“He speaks in a certain way and learns things in a certain way. He quite often says things that are scripted. He can be quite robotic in the way he speaks, he repeats things a lot, but one thing we’ve found, and certainly in the type of autism that Isaac’s got, is that intervention can make a huge difference. His potential could be really big.”

While routine is a big thing for Isaac, this isn’t necessarily the case for all children with autism. Autism is a spectrum condition, meaning that it varies from person to person. “If you’ve met one child with autism, you really have just met one child with autism,” Matthew explains further. “It’s so individual – it’s as individual people are.”


This is one of the reasons why Matthew launched his blog – to reiterate this message. Following Isaac’s diagnosis, Matthew got in touch with Ambitious about Autism, firstly through the charity’s Talk about Autism online community. On the site’s message boards, he spoke with other parents and shared his own family’s story – something that was almost therapeutic. He and Eliza were asked by Ambitious about Autism to speak up about their experience in order to raise awareness for the condition in the role of parent patrons.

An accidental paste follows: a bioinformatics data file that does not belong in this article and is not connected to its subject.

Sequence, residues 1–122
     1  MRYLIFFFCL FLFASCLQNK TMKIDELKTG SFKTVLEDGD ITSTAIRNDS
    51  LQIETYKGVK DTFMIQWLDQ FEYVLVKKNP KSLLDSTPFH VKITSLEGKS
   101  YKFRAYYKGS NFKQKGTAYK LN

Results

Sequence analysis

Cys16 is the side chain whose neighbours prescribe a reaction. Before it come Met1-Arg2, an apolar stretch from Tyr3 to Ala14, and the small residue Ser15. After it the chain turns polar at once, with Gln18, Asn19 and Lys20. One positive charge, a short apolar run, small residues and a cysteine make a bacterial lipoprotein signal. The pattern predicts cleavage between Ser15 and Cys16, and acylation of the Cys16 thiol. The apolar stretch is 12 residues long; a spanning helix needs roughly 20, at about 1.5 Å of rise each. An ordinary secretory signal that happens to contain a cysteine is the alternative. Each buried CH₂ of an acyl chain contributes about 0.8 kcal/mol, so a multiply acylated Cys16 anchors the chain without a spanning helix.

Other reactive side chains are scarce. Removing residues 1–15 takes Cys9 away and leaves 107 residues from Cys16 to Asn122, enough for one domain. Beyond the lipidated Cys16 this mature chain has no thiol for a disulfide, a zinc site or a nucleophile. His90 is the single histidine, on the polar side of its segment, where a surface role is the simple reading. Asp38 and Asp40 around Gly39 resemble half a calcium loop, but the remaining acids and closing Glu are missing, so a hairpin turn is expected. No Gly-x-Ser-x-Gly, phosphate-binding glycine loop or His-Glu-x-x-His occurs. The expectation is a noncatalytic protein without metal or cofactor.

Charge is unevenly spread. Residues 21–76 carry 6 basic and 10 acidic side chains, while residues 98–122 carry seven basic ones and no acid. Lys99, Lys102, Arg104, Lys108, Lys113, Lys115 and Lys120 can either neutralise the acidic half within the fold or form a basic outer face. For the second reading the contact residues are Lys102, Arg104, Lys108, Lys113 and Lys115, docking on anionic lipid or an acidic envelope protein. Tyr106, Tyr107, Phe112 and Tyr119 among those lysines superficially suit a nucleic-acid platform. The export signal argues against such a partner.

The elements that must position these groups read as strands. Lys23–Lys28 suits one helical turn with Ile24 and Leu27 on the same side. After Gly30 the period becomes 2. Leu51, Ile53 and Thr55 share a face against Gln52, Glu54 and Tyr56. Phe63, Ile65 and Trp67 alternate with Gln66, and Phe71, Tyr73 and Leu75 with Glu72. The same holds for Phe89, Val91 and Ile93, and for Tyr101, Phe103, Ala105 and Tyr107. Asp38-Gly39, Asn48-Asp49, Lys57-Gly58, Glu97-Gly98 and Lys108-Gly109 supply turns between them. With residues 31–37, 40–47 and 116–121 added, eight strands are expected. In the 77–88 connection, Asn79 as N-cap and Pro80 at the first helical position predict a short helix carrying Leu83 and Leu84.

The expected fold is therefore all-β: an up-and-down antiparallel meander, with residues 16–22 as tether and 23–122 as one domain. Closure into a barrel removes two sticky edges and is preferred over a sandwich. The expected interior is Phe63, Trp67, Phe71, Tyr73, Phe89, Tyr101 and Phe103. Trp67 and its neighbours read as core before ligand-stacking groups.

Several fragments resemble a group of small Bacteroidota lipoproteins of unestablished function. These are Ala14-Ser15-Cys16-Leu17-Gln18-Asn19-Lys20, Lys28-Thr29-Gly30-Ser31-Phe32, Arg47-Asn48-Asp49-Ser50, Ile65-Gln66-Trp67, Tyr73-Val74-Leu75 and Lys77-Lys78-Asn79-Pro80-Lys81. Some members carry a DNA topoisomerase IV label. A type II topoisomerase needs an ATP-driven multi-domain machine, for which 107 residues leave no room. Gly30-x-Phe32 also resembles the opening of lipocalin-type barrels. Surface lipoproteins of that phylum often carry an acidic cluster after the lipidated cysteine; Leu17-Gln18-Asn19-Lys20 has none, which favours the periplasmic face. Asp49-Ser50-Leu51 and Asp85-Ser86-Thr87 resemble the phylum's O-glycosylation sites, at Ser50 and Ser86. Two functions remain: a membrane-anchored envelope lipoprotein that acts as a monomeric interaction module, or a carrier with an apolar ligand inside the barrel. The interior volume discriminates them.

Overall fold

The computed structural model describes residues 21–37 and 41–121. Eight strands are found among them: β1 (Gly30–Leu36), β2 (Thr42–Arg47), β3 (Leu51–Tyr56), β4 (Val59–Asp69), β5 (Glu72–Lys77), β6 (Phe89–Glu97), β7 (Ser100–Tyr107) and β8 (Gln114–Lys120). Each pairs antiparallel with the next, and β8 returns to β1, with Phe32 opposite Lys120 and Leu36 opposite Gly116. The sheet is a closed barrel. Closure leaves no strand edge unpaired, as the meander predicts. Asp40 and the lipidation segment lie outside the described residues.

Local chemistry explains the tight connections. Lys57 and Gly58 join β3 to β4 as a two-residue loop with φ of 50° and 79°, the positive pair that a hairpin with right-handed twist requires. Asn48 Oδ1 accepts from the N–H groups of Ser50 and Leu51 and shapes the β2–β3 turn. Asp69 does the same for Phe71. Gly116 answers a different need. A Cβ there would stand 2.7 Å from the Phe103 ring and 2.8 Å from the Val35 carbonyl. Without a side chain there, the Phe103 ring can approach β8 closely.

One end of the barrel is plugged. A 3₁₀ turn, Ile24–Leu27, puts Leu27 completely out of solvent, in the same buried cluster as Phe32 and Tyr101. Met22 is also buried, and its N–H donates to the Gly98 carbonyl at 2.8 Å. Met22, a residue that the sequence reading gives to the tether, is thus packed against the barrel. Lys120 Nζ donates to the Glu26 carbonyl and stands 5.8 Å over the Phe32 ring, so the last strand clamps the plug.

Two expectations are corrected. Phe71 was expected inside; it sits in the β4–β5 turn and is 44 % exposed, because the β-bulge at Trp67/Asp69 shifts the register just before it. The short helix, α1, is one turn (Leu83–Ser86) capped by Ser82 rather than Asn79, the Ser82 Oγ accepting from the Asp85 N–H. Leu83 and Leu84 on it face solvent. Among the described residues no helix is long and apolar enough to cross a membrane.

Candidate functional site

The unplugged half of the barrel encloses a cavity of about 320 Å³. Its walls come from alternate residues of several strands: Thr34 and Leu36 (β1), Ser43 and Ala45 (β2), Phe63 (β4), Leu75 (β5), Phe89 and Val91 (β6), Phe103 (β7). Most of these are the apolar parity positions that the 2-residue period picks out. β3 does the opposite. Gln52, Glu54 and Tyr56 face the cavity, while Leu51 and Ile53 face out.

Having toyed with the idea of blogging for a while, Matthew decided to seize the opportunity to launch his own blog, sharing his family’s autism story.

“Awareness is a big deal for me,” Matthew says. “People don’t know enough about autism. Things have improved drastically over the last 20 years but they need to improve massively again.”

Through learning more about the condition themselves and pushing for support, Matthew and Eliza have noticed a massive difference in Isaac. His speech has come on leaps and bounds, he’s now able to think two or three days in advance in terms of planning and routine, he’s enrolled in a mainstream school where he has a teaching assistant for support and, overall, he’s a very happy boy.